11 YA Retellings of Classic Tales Full of Enchantment, Wonder, and Darkness That'll Leave You Stunned

Tons of classic tales have stood the test of time. Look at Hollywood, for instance — they reboot these stories all the time (with mixed results, true, but at least there was Maleficent). And, just like Tinseltown, books also tend to recycle. We see a lot of fairytales and folklore spun in different webs, again and again. But when you take the unlimited creativity of an author and give her a framework of a tried and true tale, the results can be pretty fantastic.

One of the best parts of the lingering power of these stories is that they can grow up with you. The terror of the witch lurking in the forest can be turned down a bit for 5-year-olds, as it should be. But then another version of the story can claim your imagination when you’ve grown a bit older, and more able to fathom the rich implications of storytelling. That's why YA rehashings of classic tales are so awesome — because they take the stories you know and love, and hit them out of the fantasy ballpark.

Think about it: Cinderella as a cyborg? Rapunzel as a satellite pilot? Beauty and the Beast featuring a sorcerer's daughter and a demon king? These are just a few of the wild, out-of-the-box retellings that re-imagine classics in a big, bold way. These 11 need to go on your reading list if any of this sounds up your alley — especially if you still have that Sleeping Beauty dress from childhood in the back of your closet.

Cruel Beauty by Rosamund Hodge

Nyx has been betrothed to a demon from the moment of her birth. She has also been in training to kill him from the moment she could walk. She’s due to arrive at his castle on her 17th birthday, and it changes everything. This retelling of Beauty and the Beast is a mix of action, Greek mythology, and epic romance, combining to make an amazing read.

The Glass Casket by McCormick Templeman

A girl named Rowan Rose, a beast in the forest, a wicked stepmother, and a casket made of glass. It sounds like a retelling of Snow White, but it’s really a remix of that and the lesser-known classic Snow White and Rose Red, with a dash of Red Riding Hood thrown into the mix. Confusing, right? It’s actually a premise that pays off immensely well in this dark, gothic retelling.

Scarlet by A.C. Gaughen

It’s Robin Hood, but with a different starring character. Will Scarlet is part of the Hood’s merry band of men, but in this version Will’s got a deep, dark secret — he’s a woman in hiding from the notoriously evil Guy of Gisborne. Oh, and she’s in love with the Hood, but can’t bear to tell him. It’s a rollicking ride.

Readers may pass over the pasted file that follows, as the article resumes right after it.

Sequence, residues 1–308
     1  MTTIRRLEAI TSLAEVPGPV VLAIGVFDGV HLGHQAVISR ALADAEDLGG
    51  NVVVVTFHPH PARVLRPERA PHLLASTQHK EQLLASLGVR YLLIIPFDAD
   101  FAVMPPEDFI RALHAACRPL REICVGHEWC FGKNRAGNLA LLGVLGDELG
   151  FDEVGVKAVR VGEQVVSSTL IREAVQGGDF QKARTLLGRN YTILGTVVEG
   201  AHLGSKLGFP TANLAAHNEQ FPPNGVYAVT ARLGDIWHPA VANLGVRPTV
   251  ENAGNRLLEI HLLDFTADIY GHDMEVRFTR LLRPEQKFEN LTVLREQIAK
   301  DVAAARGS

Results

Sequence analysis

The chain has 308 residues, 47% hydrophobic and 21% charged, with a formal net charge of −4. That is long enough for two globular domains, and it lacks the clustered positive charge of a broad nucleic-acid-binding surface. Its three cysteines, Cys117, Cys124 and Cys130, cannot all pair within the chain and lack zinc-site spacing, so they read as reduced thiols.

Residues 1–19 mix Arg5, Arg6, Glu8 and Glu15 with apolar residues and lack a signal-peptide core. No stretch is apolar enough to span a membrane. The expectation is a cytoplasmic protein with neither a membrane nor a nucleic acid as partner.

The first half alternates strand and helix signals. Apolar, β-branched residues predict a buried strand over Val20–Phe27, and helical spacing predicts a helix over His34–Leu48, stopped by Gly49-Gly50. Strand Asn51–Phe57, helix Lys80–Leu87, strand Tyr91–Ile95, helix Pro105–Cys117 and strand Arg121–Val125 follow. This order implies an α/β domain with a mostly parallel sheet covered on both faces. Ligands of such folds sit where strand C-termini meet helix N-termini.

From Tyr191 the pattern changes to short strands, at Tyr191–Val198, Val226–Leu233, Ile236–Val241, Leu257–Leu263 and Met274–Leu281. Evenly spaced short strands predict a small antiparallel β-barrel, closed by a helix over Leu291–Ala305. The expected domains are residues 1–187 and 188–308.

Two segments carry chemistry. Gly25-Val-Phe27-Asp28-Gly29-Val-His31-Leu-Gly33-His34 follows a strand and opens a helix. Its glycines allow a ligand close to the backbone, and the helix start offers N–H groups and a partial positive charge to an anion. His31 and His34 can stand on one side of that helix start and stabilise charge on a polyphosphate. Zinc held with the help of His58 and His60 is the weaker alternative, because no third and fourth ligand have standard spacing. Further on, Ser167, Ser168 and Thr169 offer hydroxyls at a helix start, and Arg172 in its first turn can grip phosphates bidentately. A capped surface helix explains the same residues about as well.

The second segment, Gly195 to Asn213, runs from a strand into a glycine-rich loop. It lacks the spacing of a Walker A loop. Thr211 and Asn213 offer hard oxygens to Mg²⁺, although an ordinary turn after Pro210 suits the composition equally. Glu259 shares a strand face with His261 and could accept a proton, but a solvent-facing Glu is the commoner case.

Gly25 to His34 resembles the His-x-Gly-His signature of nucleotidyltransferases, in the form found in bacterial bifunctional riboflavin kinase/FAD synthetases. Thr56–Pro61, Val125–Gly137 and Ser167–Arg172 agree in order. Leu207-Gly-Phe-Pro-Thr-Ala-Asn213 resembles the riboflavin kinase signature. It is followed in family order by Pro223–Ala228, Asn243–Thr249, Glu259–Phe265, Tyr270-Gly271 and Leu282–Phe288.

Winterspell by Claire Legrand

Inspired by the Nutcracker, this story takes us to a steampunk version of New York. Clara has been trained in self-defense and is off on a mission to find her missing father, accompanied by a dark and brooding dethroned prince. Sounds like magic? That’s because it is.

The Lunar Chronicles by Marissa Meyer

In Cinder, Cinderella is given life as a cyborg mechanic who finds out she’s a Lunar princess, able to access special powers and topple the government of the moon nation with just her existence. She’s on the run from the powers that be, and that leads her to meet Scarlet, who enacts Red Riding Hood with a wolf-hybrid-human guard sent to kill her. They in turn rescue Cress from the desert, where’s she’s landed after her satellite, the solo space station she’s been playing the role of Rapunzel in all her life, was toppled from the sky. Meyer weaves together all the elements of our most popular fairytales to create a sci-fic epic of strong heroines.

This Dark Endeavor by Kenneth Oppel

The brothers Frankenstein are inseparable twins. But when one of them falls ill, the other decides to do whatever it takes to save him... even if it means creating a monster.

Impossible by Nancy Werlin

Inspired by the ballad of Scarborough Fair, this is a story of a generational curse and one girl’s desperate attempt to break it. It’s dark and twisted at times, but ultimately inspiring.

The Looking Glass Wars by Frank Beddor

Alyss escapes Wonderland and lands in Victorian London, fleeing from her murderous aunt who wants to kill her, as she’s the rightful heir to the kingdom. The royal bodyguard Hatter Madigan is searching for her to bring her home to lead the uprising against the evil Red Queen. It’s an entirely original world, built from the concept of Wonderland, and it’s enchanting to behold.

Peter and the Starcatchers by Dave Barry and Ridley Pearson

The question of how Peter Pan became the boy who never grew up is what this series tries to answer. With fantastic new elements tied into the story we already love, this is a wholly entertaining and emotional journey.

Stitching Snow by R.C. Lewis

It’s Snow White meets Star Wars in this re-imagined fairytale. Snow is living in hiding on a mining planet, away from the machinations of her wicked stepmother. She’s an engineer and a fighter, but that changes when someone comes hunting for her.

East by Edith Pattou

A retelling of the classic tale East of the Sun, West of the Moon. It has a mysterious journey, a figure cloaked in darkness, and an impossible curse. All the combinations for a delicious story.

Image: amboo who/flickr

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